Now that she's back in Singapore, Ang rolled out a new step to the local funeral proceedings. She calls it the 'Showers of Love'. After the body is preserved with chemicals – formaldehydes – and dressed, it's rolled out into a private room. Family members, assisted by trained embalmers, are encouraged to finish the embalming process. They comb the hair, paint the nails, apply cosmetics and accessories. It may sound like a daunting task. Ang however, has observed grieving family members appreciate this experience. 

To her, after-death proceedings are not only for the dead. The most part of it is to help the living find closure. 

That's a small change for embalming. Behind closed doors, there's a greater issue for Ang. In Singapore, only formaldehydes are used to preserve the bodies. "Later on, when I was doing my studies... then I realised that the chemical that we've been using, in fact, is sort of banned in America." In New Zealand, "they have many chemicals", including paraformaldehyde, glutaraldehyde, methanol and phenol

"Different bodies are different! So you have to embalm them differently," Ang recounts.

All these chemicals are extremely hazardous to the embalmers. For that, countries like New Zealand have safety regulations in place for embalmers. Likewise, embalmers have to be professionally trained. Even more so, accident victims can undergo reconstructive embalming, where their facial or bodily features are surgically reconstructed. Yet, all these are unheard of in Singapore.

"They call it carcinogenic. It's not good for the embalmer... but we're using it... A lot of people don't know about this." 

Tung PhamAngjolie Mei recounts a non-religious memorial service she directed in Singapore.
Angjolie Mei recounts a non-religious memorial service she directed in Singapore.

Non-Religious Funerals

Back to the New Zealand pink-loving grandmother that Ang embalmed, "After I took care of this lady with the pink scarf... The funeral director asked, 'Would you be interested to join us for the funeral?'" Ang joined them. To her surprise, it was a non-religious service, or what they call a 'celebrant'.

"It means that someone comes in, it's not religious. It's just a funeral celebrant." Friends and family members gathered, sharing their fondest memories of the deceased. Everything pivots around the life, instead of religious rituals.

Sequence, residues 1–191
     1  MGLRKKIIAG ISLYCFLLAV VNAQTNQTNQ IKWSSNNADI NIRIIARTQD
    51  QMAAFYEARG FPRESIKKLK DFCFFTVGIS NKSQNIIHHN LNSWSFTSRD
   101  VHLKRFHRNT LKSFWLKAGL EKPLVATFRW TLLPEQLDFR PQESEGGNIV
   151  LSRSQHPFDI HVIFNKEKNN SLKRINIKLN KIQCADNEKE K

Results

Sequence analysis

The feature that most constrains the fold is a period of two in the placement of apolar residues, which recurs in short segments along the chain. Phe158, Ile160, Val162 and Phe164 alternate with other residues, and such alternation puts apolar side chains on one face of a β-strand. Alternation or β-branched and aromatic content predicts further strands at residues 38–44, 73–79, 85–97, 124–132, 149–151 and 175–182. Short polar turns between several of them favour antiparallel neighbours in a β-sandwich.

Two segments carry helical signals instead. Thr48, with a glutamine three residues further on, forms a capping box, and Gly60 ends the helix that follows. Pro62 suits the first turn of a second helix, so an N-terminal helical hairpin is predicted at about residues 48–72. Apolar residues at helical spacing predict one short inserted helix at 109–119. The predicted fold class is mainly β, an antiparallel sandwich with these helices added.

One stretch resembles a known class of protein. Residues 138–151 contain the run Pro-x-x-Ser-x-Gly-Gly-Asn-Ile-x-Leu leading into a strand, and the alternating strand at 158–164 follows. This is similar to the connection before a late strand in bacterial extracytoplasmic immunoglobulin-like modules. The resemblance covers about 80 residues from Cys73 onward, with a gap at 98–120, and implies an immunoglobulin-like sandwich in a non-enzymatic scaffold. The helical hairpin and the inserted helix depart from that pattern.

A non-religious celebrant service never existed in Singapore until Ang introduced it. "Even recently, I heard about it. This nurse shared with me a story, that the family she was taking care of, had to choose a religion because the funeral director didn't know what to do if it were a non-religious one." 

Funerals are often sold as packages – like all-inclusive tour or wedding deals – in Singapore. In times of need, family members either choose from a Taoist, Buddhist, Christian, Catholic, Muslim or Hindu funerals. Individuals will be hard-pressed to find a company willing to do free-thinker funerals.

What Ang is doing, is not to displace these religious ceremonies altogether – people still need them. She's merely introduced another option, a non-religious one. And she's seen foreigners, expats mostly, enquiring for it. Some are emergency cases that require her immediate attention. Some clients, however, are planning in advance. 

Tung PhamAngjolie Mei was too, trained in Canada's Mount Royal University.
Angjolie Mei was too, trained in Canada's Mount Royal University.

Pre-Planned Funerals

To Singaporeans, planning one's own funeral is utter bad luck. One might think it's a Western custom, something Asians are less inclined to. But Ang begs to differ. "If you look at China, look at Taiwan... They are way more advanced than us. They've Sheng Si Xue," translated to The Life and Death course. The National Taiwan University, for instance, offers this course as part of their medical curriculum.

Through education, the general public in these countries readily accept and talk about death. It snowballs into a progressive deathcare industry. 

"They are very open about it. [In] Taiwan, they even have people doing funerals before they pass – the farewell party before they pass away. It's very common." 

It all boils down to the country's perception of death. "[China and Taiwan] started way ahead of us. But we can also be moving," Ang pauses for a moment. "We are, in fact, improving." 

She considers her career trajectory – how she struggled to join this industry as a female, how she has a long way to go. Afterall, her fight to move the funeral industry from third-world to first-world is not an internal one. She first, has to change the general public's understanding of death. And that is a mammoth task. But she counts her trophies and is remarkably optimistic. "This is a dying trade? There's no growth? I beg to differ."